(4) Don’t you want to serve this wonderfully holy God? There are a variety of ways that you can get more involved in the ministry here, and the Lord would be pleased if you did. It is time for some of you to settle down. It is time for some of you to make this church your home. Some of you have stalled in your spiritual life, it is time for you to repent of your sin, turn to Christ, and pursue holiness and spiritual growth.

(5) Let me close with this word of exhortation: just as this vision became the foundation of Isaiah’s ministry, may the vision of God’s greatness – His majesty, glory, and absolute holiness – become the foundation of our ministries at the Rural Hall Church of Christ.

Isaiah 2 The LORD Alone Shall Be Exalted

Isaiah 2:1-22       Visions of God’s Greatness                       WC McCarter
The LORD Alone Shall Be Exalted

One of the things that seems to be lacking in churches today, especially in America and even in solid evangelical churches, is an accurate picture of Almighty God. We seem to have lost who God is, what He does, and what He is going to do. We have lost the attributes of God: the holiness of God, His righteousness, His justness, and more. We have lost it, and it’s a problem. Instead, we have filled our minds with the latest self-help or positive-thinking nonsense. In doing so, all we can think about is how we can live our best life now. We are selfish and sinful. We have lost the greatness of God and the global vision that He has given us. To combat this spiritually devastating epidemic, I am going to preach God in all His glory the best I can over the next several weeks.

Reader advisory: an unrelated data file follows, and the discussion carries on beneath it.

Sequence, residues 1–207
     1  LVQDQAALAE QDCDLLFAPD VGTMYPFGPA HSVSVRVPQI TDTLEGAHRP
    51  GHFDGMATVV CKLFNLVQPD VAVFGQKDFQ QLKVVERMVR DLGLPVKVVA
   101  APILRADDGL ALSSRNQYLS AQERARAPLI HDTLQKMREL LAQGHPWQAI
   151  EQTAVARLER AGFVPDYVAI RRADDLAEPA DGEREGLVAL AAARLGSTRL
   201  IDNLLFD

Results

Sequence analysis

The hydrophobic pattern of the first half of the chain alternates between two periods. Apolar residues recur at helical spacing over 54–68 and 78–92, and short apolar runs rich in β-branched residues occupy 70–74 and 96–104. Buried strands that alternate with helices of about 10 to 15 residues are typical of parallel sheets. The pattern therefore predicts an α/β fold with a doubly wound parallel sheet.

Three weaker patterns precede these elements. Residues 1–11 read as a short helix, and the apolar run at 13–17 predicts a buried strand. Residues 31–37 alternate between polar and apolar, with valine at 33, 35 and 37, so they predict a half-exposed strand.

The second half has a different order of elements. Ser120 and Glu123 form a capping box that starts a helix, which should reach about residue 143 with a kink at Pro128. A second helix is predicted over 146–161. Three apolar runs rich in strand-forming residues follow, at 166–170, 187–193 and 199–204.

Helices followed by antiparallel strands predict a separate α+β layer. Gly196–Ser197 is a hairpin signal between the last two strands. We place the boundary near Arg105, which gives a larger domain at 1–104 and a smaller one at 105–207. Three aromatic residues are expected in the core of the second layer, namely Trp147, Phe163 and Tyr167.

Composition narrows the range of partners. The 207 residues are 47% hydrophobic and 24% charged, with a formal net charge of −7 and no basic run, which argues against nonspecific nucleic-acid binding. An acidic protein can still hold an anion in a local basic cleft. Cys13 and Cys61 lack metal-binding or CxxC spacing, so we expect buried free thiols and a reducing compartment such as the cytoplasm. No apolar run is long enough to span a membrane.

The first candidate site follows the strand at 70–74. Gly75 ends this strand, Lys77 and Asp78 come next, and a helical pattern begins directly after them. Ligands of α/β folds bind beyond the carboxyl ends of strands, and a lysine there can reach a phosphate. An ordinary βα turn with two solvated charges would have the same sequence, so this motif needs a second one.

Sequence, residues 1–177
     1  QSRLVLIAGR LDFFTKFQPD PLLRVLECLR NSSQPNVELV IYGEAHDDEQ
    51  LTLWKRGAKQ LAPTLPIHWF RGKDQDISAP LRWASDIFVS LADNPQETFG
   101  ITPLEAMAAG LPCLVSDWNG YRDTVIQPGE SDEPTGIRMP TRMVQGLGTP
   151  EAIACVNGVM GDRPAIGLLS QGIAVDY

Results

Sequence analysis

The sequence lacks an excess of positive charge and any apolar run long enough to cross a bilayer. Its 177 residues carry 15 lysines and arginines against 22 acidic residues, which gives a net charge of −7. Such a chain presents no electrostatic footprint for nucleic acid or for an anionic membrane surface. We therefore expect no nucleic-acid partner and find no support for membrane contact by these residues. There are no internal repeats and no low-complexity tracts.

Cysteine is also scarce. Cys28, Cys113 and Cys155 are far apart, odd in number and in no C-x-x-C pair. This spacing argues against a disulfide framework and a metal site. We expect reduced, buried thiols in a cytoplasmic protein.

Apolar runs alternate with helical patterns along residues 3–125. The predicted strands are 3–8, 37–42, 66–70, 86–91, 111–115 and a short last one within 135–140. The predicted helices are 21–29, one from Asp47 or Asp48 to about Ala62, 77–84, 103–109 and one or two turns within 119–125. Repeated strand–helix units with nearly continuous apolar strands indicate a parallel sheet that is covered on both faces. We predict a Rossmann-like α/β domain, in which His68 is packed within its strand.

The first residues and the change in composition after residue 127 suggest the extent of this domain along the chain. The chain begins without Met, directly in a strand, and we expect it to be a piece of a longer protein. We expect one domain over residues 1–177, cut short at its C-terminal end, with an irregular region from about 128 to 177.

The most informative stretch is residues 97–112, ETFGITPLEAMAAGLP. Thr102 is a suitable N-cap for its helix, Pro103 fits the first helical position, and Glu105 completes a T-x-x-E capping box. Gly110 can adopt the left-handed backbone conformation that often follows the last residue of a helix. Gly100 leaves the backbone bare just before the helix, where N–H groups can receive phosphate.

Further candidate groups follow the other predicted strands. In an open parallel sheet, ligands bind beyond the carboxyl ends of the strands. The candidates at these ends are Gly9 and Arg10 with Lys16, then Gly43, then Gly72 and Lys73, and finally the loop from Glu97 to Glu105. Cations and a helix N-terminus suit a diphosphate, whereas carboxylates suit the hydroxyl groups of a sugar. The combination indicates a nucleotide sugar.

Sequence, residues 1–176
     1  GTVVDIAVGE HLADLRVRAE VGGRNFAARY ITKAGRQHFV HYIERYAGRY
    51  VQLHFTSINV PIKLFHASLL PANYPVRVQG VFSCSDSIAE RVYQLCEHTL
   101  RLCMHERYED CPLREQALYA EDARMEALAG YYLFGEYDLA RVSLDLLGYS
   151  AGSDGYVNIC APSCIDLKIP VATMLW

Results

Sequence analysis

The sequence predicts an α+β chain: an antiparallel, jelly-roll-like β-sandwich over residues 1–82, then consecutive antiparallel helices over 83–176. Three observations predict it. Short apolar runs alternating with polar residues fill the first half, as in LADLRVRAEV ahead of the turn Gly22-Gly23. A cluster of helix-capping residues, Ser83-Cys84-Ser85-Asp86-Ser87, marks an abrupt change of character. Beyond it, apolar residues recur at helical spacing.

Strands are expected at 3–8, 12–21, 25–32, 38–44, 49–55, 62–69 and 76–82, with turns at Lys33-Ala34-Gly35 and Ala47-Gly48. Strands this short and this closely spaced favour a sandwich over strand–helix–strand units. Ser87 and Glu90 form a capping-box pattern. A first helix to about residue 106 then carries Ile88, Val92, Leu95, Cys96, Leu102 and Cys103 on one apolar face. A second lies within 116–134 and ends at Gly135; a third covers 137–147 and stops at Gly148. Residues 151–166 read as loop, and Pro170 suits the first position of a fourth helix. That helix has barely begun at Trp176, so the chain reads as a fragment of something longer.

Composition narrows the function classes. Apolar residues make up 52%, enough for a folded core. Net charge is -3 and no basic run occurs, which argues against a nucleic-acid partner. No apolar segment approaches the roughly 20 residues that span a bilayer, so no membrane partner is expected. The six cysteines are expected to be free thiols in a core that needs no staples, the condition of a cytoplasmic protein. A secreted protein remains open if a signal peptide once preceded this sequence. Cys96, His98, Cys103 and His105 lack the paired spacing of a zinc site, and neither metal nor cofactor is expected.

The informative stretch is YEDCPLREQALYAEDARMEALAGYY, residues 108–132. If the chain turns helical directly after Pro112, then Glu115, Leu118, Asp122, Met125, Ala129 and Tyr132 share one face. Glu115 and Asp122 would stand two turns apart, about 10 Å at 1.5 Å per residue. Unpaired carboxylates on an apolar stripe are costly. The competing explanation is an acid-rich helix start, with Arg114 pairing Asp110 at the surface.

As we begin this new sermon series in the book of Isaiah, we will be looking at six different chapters which contain visions of God and what He will do. Isaiah is considered the greatest of the writing prophets because his book is the longest of all the prophets. His career lasted at least four decades as he warned the Israelites of the North of coming judgment, and then he warned the Jews of the South of the same. He began preaching in about the year 740 B.C. Isaiah preached judgment, repentance, and hope for the future.

READ Scripture- This is the Word of God

Global Vision (1-4)